Mothers’ Rights and Why They Matter
Parental rights are guaranteed under Georgia law. Married parents assume equal and shared custody and responsibility of their children. For separated parents, custody and visitation rights are decided in the children’s best interest and vary on a case-by-case basis.
However, children born to unmarried parents, or born out of wedlock, have a different expectation for custody under the law. Understanding these distinctions is important to Georgia custody laws.
In Georgia Code §19-7-25, a mother is the only parent entitled to custody of a child born out of wedlock.
That doesn’t prevent the father from seeing his children if the parents agree to visitation, but under the law, the mother will be considered the sole legal parent of the children. This involves both physical and legal custody. The mother will also be able to make final decisions about matters like where the children live, the school they attend, and what faith they’re raised to observe.
Can an Unwed Father Have Parental Rights?
Although a mother to a child born out of wedlock assumes sole custody, the child’s father can assume legal parental rights. This is done so by completing the “legitimation” process. Through legitimation, the father claims their parentage of the child and receives parental rights.
After he’s legitimized, an unwed father can file for custody and visitation rights that are court enforceable.
It’s critical to note that listing the father on the child’s birth certificate does not grant him parenting rights if the child is born out of wedlock. According to Georgia’s laws, signing the father’s name to a birth certificate merely marks him as the “putative” or perceived father.
Legitimation and paternity are not the same concept under the law.
What Does Child Support Look Like for Unwed Mothers in Georgia?
While the law guarantees unwed mothers the sole custody of their children, Georgia law requires both parents to provide support for their children until the child turns 18, graduates from high school, emancipates, or joins the military. This includes unmarried fathers. However, the court may require a paternity test before ordering the father to pay any support.
Do Mothers’ Rights Mean Mothers Get Preferential Treatment?
Unless the parents in question are unmarried when the child is born, parents will have equal footing in custody matters during divorce proceedings. Once a father is legitimized and paternity is established, the parents will have equal standing in front of the court. From there, the child’s best interest determines custody matters.
What Factors Can Affect Custody?
If a father has established paternity and expressed interest in being involved in a child’s life, the court will consider what is best for the child, such as:
- The parents’ lifestyles: the court will consider how the parents live, i.e. how long they spend working, what hours they are awake and asleep, and where they live in regard to the other parent.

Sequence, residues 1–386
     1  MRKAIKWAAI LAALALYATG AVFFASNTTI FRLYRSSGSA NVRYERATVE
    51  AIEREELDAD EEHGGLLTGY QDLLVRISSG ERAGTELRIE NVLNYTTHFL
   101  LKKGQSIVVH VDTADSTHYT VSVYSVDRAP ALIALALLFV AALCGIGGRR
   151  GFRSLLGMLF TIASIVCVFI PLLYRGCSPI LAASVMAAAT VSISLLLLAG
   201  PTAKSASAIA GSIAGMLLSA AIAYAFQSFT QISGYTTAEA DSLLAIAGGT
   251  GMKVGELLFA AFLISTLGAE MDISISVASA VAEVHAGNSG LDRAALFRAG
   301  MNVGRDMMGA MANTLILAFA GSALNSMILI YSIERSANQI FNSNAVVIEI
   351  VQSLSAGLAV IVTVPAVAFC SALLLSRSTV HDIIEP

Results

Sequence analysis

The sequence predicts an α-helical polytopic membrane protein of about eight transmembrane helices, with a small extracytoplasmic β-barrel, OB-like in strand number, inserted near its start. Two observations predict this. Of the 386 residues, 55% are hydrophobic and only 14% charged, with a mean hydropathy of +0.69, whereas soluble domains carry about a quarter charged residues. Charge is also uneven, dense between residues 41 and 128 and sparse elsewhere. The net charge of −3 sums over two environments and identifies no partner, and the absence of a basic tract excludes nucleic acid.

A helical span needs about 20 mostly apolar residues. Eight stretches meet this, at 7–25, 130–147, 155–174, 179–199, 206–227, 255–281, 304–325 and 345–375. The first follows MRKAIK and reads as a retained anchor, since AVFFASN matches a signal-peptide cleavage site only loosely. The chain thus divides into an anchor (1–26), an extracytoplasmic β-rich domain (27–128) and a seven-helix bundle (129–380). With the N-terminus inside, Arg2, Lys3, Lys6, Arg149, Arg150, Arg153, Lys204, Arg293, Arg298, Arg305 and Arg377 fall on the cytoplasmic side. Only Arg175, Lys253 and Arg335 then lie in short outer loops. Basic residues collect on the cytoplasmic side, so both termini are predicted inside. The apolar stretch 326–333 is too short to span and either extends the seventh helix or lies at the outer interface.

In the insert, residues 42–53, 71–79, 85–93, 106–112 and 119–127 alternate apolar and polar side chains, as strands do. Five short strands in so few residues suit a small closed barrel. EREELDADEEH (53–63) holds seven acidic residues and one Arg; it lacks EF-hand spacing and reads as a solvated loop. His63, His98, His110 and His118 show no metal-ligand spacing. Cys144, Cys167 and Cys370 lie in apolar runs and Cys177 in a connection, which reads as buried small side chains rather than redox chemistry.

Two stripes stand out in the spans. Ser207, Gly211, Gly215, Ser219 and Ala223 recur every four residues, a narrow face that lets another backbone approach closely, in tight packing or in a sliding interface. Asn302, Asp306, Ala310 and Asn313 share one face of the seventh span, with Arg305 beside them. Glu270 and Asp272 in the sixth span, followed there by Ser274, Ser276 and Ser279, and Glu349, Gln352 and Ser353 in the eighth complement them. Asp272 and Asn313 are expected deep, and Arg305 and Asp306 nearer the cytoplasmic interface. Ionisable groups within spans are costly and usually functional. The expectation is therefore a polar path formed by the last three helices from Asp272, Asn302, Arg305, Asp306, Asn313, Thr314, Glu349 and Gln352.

- Home environments: what kind of home the child will live in factors into a court’s decision. This involves questions such as if other children are involved or if a house could pose a threat to the child. Courts will consider checking for history of domestic abuse.
- The child’s wishes: if the court considers the child mature enough to comprehend the situation, they may be able to weigh in on the custody matter. However, the court will ultimately have the final say in what’s decided.
Establishing a Parenting Plan
An unwed father is still permitted to visit his children if the mother grants time—even if he has not established paternity or been legitimized by the court. However, unwed mothers should consider drafting a parenting plan to enforce those visitations.
If the father is legitimized and paternity is established, he can seek custody rights. The visitation plan may become court enforceable. Parenting plans, also known as custody agreements, provide a guideline or schedule for parents to follow.
Parents can draft the plan and present it to a judge. If the judge approves, they can create a final order.
A Georgia Custody Attorney Can Help You
Custody law can be confusing. If you’re trying to protect your rights alone, you should consider turning to an experienced attorney. They can help you gather evidence to protect your mothers’ rights and help find the best solution to your problem. A lawyer can also help build your argument for sole custody, especially if your child’s other parent is aggressively demanding visitation or joint custody rights.
Call Gentry Law for Help with Your Custody Case
Gentry Law is ready to assist you with your custody case. We recognize that parenting on your own can be challenging, especially when your child’s other parent is being stubborn. Our years of experience can benefit you in your case. We’re ready to hear your story and help you move forward.
Call (770) 425-5573 or use our online contact form to schedule your consultation.